Four things to know about moringa

Get the lowdown on this trendy plant
Powdered moringa in a wooden bowl surrounded by leaves


The moringa is a tree with nutrient-dense leaves that are high in protein. Its leaves are traditionally eaten raw, ground into a powder, or steeped as a tea. “Moringa has many important vitamins and minerals,” explains Pierre Thiam, chef and founder of Yolélé Foods, which includes moringa as an ingredient in its chip and pilaf lineups. “There are many health benefits associated with moringa including treating diabetes, reducing blood pressure, protecting the liver and healthy bones, to name a few.” Moringa also has anti-inflammatory and antioxidant properties, along with digestive and detoxifying benefits, according to Shelley Balanko, senior vice-president of The Hartman Group.


While the drought-tolerant moringa tree is native to India, it also grows in Asia, Africa, South America and Haiti. “Moringa has been used as a traditional remedy in Ayurvedic healing for many centuries,” The Hartman Group’s Shelley Balanko explains. “Today, the moringa tree is cultivated across Africa and Haiti through women’s agricultural cooperatives, enabling women to generate income, fight poverty and malnutrition and gain bargaining power within their communities.”


When it comes to selling and promoting moringa, grocers can get creative. “As consumers increasingly shop for specific occasions and seek functional benefits, it would be advantageous to group products in this way,” says The Hartman Group’s Shelley Balanko. “Employ signage that directs consumers to these ‘benefit areas’ within the store or online shopping platform.” Vancouver- based Farafena sells moringa leaf powder as part of its product lineup. Founder Oumar Barou Togola, says customer education can help fuel sales of moringa products. “Highlight the amazing nutritional benefits and environmental impacts,” Barou Togola explains, “and, most importantly, the benefits to smallholder farmers.” Companies like Farafena and Yolélé work closely with smallholder farmers, which are mostly owned and operated by families and are located in rural areas of developing countries. “We introduced the African moringa [to our product lineup] to be able to provide a platform where African women farmers could elevate themselves and their communities through this ancient healthy plant,” says Barou Togola. Sharing stories like this with customers can further help grocers promote and sell moringa products.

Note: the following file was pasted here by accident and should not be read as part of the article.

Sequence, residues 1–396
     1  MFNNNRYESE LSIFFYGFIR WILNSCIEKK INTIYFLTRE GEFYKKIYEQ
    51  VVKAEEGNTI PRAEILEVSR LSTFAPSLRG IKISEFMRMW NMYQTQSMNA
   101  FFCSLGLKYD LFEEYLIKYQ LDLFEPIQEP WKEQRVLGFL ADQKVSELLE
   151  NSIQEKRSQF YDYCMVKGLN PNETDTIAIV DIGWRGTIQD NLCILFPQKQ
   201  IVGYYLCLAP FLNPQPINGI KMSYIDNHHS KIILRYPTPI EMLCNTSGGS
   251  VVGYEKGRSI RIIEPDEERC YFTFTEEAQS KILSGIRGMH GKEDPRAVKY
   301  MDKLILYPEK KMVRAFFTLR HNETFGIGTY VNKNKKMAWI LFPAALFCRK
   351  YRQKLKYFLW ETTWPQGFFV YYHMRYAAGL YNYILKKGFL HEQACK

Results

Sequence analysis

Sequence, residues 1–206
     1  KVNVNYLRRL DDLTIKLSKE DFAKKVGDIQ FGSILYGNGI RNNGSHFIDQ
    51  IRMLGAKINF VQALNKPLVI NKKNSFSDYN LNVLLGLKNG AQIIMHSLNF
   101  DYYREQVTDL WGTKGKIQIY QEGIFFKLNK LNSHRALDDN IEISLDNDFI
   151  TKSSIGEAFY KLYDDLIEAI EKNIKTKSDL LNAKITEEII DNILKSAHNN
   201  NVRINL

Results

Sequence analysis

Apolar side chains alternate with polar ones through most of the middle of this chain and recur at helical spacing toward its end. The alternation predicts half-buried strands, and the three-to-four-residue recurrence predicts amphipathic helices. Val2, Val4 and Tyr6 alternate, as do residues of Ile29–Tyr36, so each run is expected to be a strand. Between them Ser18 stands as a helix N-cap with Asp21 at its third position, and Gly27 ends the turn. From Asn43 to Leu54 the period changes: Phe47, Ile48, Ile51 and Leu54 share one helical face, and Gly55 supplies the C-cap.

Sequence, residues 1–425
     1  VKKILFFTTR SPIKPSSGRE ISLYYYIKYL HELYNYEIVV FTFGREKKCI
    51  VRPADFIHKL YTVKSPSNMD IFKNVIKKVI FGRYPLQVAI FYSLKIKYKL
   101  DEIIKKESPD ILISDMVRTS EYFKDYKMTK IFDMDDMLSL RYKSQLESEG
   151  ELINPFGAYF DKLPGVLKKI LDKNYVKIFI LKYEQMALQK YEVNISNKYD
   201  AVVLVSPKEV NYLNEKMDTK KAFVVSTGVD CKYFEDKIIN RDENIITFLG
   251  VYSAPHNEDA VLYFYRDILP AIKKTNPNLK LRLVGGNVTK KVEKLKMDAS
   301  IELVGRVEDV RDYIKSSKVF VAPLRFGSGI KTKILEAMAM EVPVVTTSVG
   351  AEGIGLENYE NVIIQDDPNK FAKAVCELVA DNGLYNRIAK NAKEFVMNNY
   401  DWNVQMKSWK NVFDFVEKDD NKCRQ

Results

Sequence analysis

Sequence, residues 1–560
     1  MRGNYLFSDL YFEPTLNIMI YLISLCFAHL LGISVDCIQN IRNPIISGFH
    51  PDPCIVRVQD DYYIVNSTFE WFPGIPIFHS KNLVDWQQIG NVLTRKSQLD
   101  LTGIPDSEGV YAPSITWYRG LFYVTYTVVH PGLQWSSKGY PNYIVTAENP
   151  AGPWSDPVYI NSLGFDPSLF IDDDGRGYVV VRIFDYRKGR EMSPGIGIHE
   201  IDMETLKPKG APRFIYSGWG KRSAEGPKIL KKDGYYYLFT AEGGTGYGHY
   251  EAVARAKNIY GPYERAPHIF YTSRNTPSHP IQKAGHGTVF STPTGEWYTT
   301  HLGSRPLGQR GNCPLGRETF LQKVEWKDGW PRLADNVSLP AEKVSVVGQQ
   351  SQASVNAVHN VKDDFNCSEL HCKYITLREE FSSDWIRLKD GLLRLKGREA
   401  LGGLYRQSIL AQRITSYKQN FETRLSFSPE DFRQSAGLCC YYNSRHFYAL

Rachel Bukowski, senior team leader of product development at Whole Foods Market, says powdered moringa is the most popular way its customers consume moringa. “It’s common to add it to smoothies, sauces and baked goods,” she says. Powdered moringa is also added to packaged goods such as frozen desserts, protein bars, teas, sparkling waters and packaged grain blends. Recent additions to Whole Foods’ shelves include Sunscoop’s Mmmint Chip! Dairy Free Dessert featuring moringa, and Elements Truffle Maple Toffee with Moringa Artisanal Chocolate. Whole Foods recently listed moringa on its list of top 10 trends to watch in 2022.

Renewed interest in immunity and digestion during COVID-19 has helped fuel moringa’s recent popularity, adds The Hartman Group’s Shelley Balanko. “The pandemic has focused consumers’ attention on prevention, and it’s become a mainstream belief that the root of all wellness is healthy digestion,” she explains. “Inherently functional ingredients, like moringa that deliver these benefits will have strong appeal.” Yolélé’s Pierre Thiam also believes consumers are becoming more conscious of the climate impacts of their purchases, which is another reason they’re drawn to moringa. “They are looking for food that’s good for them and the planet,” he explains. “Moringa is a superfood that fits this category.”

This article appeared in Canadian Grocer'December 2021/January 2022 issue.

This ad will auto-close in 10 seconds